Medical technology is always advancing, but so are germs. Methicillin-resistant Staphylococcus aureus, commonly called MRSA, "murza" or "mursa," is a prime example of this unfortunate principle. This strain of bacteria is particularly concerning for pet owners, because it can transfer to people from dogs and cats. Luckily, the disease rarely jumps from animals to humans.
Origin of MRSA
Staphylococcus aureus is a common bacteria that lives on the skin of most humans. Health adults rarely get infected by the disease because their immune systems fight it off, according to Texas A&M University Veterinary Medicine & Biomedical Sciences. Since the bacteria is so prevalent, it's frequently exposed to medicine that people take for other infections. This constant exposure helps populations of bacteria evolve defenses against antibiotics. Normal infections of the staph bacteria are completely eliminated with medication, but methicillin-resistant strains are unaffected by conventional treatment. The symptoms, transmission and cause of MRSA are identical to those of ordinary Staphylococcus aureus bacteria.
Despite its abundant presence, MRSA isn't a worldwide epidemic. It is a widespread and dangerous disease, but healthy adults are resistant to it. People with weak immune systems can get really sick, though. Cats can become infected by MRSA, too, but most only carry the disease and show no symptoms, according to the Iowa State University Center for Food Security and Public Health.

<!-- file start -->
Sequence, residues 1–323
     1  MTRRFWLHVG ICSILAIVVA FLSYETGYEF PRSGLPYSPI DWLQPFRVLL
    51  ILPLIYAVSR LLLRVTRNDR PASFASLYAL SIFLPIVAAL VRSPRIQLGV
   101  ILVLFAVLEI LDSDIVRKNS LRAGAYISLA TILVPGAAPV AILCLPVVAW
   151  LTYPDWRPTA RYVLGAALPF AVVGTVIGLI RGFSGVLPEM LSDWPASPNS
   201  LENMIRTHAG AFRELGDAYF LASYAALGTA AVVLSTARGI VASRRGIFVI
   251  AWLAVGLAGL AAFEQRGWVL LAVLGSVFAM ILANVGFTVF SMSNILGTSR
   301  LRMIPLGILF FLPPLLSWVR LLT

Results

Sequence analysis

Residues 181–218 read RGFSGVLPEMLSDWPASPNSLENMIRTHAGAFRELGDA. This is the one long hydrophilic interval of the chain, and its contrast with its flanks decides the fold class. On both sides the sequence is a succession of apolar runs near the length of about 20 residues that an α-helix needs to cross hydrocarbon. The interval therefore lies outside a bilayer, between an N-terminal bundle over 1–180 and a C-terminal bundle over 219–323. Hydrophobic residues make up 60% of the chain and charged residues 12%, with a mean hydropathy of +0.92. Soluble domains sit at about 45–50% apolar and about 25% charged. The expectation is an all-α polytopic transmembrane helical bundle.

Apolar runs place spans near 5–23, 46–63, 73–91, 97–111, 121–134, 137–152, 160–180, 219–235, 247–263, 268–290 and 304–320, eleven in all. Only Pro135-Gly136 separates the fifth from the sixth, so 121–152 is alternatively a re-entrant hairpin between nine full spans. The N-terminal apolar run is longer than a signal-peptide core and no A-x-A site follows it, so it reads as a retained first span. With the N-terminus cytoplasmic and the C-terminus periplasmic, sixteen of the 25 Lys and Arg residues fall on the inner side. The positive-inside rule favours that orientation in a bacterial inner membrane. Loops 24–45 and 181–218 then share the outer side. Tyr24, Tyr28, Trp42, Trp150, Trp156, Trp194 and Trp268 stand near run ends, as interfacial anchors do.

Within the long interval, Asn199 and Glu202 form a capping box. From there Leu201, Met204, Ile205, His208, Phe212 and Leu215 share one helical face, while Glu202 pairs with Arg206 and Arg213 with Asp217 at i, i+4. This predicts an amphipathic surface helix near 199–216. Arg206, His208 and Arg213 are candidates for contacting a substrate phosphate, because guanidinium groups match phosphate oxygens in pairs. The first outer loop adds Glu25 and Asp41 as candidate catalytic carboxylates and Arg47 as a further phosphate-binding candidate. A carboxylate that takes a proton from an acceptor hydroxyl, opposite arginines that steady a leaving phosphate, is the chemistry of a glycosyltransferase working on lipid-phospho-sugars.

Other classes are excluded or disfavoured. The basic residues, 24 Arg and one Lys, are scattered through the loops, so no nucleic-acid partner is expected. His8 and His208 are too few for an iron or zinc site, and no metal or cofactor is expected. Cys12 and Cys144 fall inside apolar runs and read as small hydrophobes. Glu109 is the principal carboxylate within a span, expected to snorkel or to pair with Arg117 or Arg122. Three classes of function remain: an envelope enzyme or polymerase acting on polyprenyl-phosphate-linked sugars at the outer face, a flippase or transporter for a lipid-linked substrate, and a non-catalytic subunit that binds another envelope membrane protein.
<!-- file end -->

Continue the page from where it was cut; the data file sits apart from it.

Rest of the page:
You have a higher chance of contracting a resistant strain of MRSA in your community than you do from your cat, according to the Cornell University College of Veterinary Medicine website. Cats don't naturally carry Staphylococcus aureus on their skin, but they can pick it up from people or their environment. You can catch MRSA from your kitty by touching his skin, but the bacteria doesn't make the jump readily. Prolonged or frequent exposure increases your risk of catching it. Similarly, cats can spread MRSA to other animals after frequent or prolonged contact.
If a child or immune-compromised individual lives in your home, take a few basic steps to reduce the risk of MRSA transmission. Those at risk should wash their hands frequently throughout the day and always wash up after touching the cat. Even healthy adults should cover open wounds with sterile bandages to be on the safe side. Vets can test for the presence of MRSA on your cat's skin by taking a small sample and ordering a lab test.
Quentin Coleman has written for various publications, including All Pet News and Safe to Work Australia. He spent more tan 10 years nursing kittens, treating sick animals and domesticating semi-feral cats for a local animal shelter. He graduated from the University of Delaware with a bachelor's degree in journalism.